From the resultant corner, a defender headed on to his own crossbar and over and the next corner saw Elvis Menayese head wide from what was a fine chance.
A goal was coming at one end of the pitch or the other and when it did, it was courtesy of that quick thinking at free kicks and corners from the visitors I mentioned earlier as a short corner was worked to Alex Willis on the edge of the penalty area who netted with a crisply struck low shot.
From then on I’m afraid City lost that threat they had carried going forward and they must have been grateful to go in at the interval just the one down as Anderson created a great chance which was carelessly fired over the top from eight yards out by Charlton’s number ten and then used his acceleration to burst clear for a shot which drew a marvelous save from Coughlan.
At half time I decided to wander over to watch the Under 16s for a while on the adjacent pitch. I was told that, early in the second half, it was still 0-0, but, to be frank, it was one way traffic in the fifteen minutes I watched – during this time, the visitors scored what turned out to be the only goal of the game.
I arrived back at the Under 18 match with the second half about ten minutes old and play held up while a Charlton player (I believe it was the goal scorer Willis) was being stretchered off wearing an oxygen mask. Within minutes an ambulance had arrived for the stricken player and, by then, City had equalised when right back Shane Parry powerfully headed in a Lloyd Humphries corner.
1-1 with about half an hour to go and everything to play for, but the brutal truth was that, from about the twenty minute mark onwards, there had been one team who had been able to come to terms with the awkward conditions, while the other had, increasingly looked like a bunch of individuals and this pattern was to continue right until the end.
It didn’t take too long for Charlton to regain the lead as their substitute Sarpong-Wierdu flicked the ball up and volleyed from fifteen yards – Coughlan got a hand to the shot, but couldn’t prevent the goal.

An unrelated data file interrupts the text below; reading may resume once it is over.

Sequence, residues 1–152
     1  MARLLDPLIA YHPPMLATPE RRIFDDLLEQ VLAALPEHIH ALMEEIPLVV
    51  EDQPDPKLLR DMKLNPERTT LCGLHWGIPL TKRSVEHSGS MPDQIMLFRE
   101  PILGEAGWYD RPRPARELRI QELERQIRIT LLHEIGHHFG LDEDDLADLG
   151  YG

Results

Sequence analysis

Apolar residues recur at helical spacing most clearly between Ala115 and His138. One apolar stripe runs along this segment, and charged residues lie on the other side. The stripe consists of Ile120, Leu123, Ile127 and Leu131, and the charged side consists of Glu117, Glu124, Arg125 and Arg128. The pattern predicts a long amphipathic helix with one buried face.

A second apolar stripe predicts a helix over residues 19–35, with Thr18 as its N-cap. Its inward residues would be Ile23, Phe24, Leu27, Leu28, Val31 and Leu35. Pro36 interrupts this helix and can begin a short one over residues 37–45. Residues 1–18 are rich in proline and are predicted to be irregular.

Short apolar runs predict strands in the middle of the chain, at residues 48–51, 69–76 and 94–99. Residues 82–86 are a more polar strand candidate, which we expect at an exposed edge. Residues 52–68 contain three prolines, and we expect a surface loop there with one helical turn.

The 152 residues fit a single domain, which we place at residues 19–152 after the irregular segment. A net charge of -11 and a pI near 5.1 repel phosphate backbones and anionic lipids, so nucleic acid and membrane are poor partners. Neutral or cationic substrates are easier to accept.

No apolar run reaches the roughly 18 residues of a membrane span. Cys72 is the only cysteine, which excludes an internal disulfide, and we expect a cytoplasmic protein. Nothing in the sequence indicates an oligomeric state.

Shortly after that, the diminutive Henderson was given the space to run at the last defender. The result was inevitable – Rollin Menayese was beaten easily and Coughlan given no chance as the ball was calmly placed wide of him.
City had one or two chances to reduce the deficit after that, but Charlton saw things out pretty comfortably to record an impressive win.
Just going back to that match eleven years ago to finish, I mentioned that Jerome and Ledley were soon in the first team after it, but that side also included Joe Jacobson who has made a decent career for himself in the lower leagues.
This leads me to ask a couple of questions, first, would a seventeen year old Ledley and an eighteen year old Jerome be in the first team in a fortnight’s time if the score yesterday had been 4-0 again with a Jerome hat trick and a strong Ledley showing? From what we’ve seen of Russell Slade so far, surely the answer has to be no.
Following on from that, and to defend our manager somewhat, the second question is, were there three players in the City team today who will be able to rack up 1,000 senior appearances between them like Jerome, Ledley and Jacobson have done? Again, the honest answer has to be no, but I’d qualify that by saying that this year’s squad includes a lot of players new to Under 18s football and I would be hopeful that my second question could draw a different answer in a year’s time.